The ambassador for Mexico visited the State House in Annapolis for a meeting in March. Other visitors to the governor’s office included NBA Hall-of-Famer Magic Johnson and Orioles legend Cal Ripken Jr.

Getting the Orioles to sign a lease to remain in Baltimore for the long run has been one of Moore’s most pressing priorities since he took office — and his schedule reflects it.

He attended at least six home games during the first three months of the season, plus the spring training game. He’s taken batting practice, met the players and thrown out the first pitch on the Orioles’ home Opening Day.


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He’s also stayed in touch with Angelos, the CEO, as negotiations have continued. Meetups include a scheduled stop by the owner’s suite at Oriole Park on Opening Day in April, visits with Angelos in Georgia and Florida in March, and a Feb. 1 call during a busy afternoon in Annapolis. The 30-minute call, on the day the Orioles declined a five-year extension in favor of pursuing a longer deal, was scheduled for immediately after Moore delivered his first State of the State speech and just before he held a reception with dozens of guests.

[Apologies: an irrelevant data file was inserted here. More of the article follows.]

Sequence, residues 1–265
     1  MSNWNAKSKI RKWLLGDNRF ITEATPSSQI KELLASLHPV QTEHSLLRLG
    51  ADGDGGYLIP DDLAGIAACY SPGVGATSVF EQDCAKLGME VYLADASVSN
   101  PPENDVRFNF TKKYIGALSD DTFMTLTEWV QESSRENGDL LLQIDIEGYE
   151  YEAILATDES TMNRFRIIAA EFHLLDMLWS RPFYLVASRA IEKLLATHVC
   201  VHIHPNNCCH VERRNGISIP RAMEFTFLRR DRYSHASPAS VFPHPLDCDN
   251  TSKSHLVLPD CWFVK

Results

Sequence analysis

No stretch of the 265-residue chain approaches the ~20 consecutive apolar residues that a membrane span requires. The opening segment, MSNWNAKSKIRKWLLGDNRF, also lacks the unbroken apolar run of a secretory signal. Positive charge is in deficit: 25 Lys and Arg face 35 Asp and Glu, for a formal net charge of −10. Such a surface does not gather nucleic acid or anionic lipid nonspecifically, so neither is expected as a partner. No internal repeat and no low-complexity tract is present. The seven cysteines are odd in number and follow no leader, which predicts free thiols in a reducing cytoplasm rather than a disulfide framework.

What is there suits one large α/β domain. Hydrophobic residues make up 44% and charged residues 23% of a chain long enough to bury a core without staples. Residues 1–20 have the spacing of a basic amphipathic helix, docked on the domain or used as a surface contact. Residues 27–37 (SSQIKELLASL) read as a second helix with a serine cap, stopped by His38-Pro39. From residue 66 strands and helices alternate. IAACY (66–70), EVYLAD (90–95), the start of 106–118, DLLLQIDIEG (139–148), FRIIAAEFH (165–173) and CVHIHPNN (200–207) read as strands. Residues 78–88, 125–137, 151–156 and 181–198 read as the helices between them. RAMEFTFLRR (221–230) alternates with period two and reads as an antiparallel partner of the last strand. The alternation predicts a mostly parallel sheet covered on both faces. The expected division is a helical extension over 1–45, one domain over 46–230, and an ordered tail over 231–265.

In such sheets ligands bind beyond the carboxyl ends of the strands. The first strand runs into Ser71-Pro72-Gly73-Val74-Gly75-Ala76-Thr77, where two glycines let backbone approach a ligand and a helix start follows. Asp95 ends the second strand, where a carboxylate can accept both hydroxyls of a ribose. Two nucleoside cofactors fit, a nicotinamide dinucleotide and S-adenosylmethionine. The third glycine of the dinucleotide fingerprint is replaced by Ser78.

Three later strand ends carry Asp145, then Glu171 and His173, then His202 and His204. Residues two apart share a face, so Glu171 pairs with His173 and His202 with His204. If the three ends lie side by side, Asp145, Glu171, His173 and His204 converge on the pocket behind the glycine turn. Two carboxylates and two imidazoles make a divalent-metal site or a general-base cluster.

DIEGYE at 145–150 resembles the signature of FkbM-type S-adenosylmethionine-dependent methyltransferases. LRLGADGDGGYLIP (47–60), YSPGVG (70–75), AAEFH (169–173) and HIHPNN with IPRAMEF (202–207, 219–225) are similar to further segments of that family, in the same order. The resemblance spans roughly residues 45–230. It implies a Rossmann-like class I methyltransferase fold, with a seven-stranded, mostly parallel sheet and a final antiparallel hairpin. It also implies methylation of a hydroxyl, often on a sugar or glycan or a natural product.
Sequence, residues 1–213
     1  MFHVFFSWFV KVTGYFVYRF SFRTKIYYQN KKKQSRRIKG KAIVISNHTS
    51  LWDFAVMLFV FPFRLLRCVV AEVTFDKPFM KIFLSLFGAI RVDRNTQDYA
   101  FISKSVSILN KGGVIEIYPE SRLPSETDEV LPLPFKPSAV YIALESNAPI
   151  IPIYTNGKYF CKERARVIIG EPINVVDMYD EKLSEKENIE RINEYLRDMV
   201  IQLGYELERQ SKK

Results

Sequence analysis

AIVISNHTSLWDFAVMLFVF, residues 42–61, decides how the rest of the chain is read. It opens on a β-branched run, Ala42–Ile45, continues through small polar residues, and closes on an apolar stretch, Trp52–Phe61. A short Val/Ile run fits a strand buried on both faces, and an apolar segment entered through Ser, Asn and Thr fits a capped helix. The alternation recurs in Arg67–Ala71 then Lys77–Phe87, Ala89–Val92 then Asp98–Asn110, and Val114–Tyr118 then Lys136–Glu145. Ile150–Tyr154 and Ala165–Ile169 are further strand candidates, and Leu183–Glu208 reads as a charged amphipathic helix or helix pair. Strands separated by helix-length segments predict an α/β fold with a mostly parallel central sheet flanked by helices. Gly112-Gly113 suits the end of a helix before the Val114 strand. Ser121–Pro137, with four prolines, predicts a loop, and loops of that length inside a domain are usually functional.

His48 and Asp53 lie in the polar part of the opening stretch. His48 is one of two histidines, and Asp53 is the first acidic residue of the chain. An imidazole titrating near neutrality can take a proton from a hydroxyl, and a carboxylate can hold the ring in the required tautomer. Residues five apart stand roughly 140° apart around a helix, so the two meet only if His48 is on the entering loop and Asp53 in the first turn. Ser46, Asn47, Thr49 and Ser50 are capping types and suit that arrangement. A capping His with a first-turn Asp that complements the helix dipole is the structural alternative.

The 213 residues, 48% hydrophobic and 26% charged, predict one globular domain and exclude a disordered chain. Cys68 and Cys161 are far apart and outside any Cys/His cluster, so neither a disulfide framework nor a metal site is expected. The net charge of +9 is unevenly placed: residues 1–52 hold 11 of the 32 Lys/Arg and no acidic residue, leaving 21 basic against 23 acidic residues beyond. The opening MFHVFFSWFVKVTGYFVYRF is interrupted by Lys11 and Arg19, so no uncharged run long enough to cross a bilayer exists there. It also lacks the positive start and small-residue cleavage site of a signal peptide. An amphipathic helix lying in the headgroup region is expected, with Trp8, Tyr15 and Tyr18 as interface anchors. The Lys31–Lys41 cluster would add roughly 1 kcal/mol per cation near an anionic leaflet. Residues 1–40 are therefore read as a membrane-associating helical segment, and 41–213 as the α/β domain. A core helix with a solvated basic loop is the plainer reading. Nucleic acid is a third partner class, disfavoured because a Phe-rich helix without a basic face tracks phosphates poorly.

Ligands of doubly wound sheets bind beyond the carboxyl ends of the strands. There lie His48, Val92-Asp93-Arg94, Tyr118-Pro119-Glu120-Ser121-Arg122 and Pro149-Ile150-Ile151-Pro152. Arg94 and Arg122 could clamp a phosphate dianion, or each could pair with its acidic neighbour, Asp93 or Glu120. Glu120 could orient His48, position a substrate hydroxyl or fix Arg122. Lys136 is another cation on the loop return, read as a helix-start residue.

Gov. Wes Moore, right, with Orioles chairman and CEO John Angelos at 2023 season home opening day at Oriole Park at Camden Yards April 7, 2023.

Another scheduled call with Angelos appeared July 19, Moore’s six-month anniversary in office.

Other sporting events have also caught the attention of the new governor, a former high school basketball standout and a wide receiver for Division III Johns Hopkins University. On March 8, he attended a Washington Wizards home game. The next week, he and his family took in a University of Maryland women’s basketball victory in the first round of the NCAA Tournament.